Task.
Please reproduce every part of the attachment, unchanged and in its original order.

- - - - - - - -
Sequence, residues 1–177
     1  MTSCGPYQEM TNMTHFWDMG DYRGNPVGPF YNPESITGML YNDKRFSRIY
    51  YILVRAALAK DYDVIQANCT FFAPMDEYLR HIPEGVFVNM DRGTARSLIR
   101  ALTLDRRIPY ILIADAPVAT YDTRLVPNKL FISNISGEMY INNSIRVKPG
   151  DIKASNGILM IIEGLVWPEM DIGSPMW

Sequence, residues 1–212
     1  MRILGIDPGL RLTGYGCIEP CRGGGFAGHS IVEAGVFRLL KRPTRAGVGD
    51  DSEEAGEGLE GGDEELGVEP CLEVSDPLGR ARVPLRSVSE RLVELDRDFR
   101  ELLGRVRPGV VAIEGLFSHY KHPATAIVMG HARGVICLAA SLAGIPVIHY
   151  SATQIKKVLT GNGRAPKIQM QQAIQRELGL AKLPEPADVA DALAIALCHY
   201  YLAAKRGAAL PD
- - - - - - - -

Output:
Sequence, residues 1–177
     1  MTSCGPYQEM TNMTHFWDMG DYRGNPVGPF YNPESITGML YNDKRFSRIY
    51  YILVRAALAK DYDVIQANCT FFAPMDEYLR HIPEGVFVNM DRGTARSLIR
   101  ALTLDRRIPY ILIADAPVAT YDTRLVPNKL FISNISGEMY INNSIRVKPG
   151  DIKASNGILM IIEGLVWPEM DIGSPMW

Sequence, residues 1–212
     1  MRILGIDPGL RLTGYGCIEP CRGGGFAGHS IVEAGVFRLL KRPTRAGVGD
    51  DSEEAGEGLE GGDEELGVEP CLEVSDPLGR ARVPLRSVSE RLVELDRDFR
   101  ELLGRVRPGV VAIEGLFSHY KHPATAIVMG HARGVICLAA SLAGIPVIHY
   151  SATQIKKVLT GNGRAPKIQM QQAIQRELGL AKLPEPADVA DALAIALCHY
   201  YLAAKRGAAL PD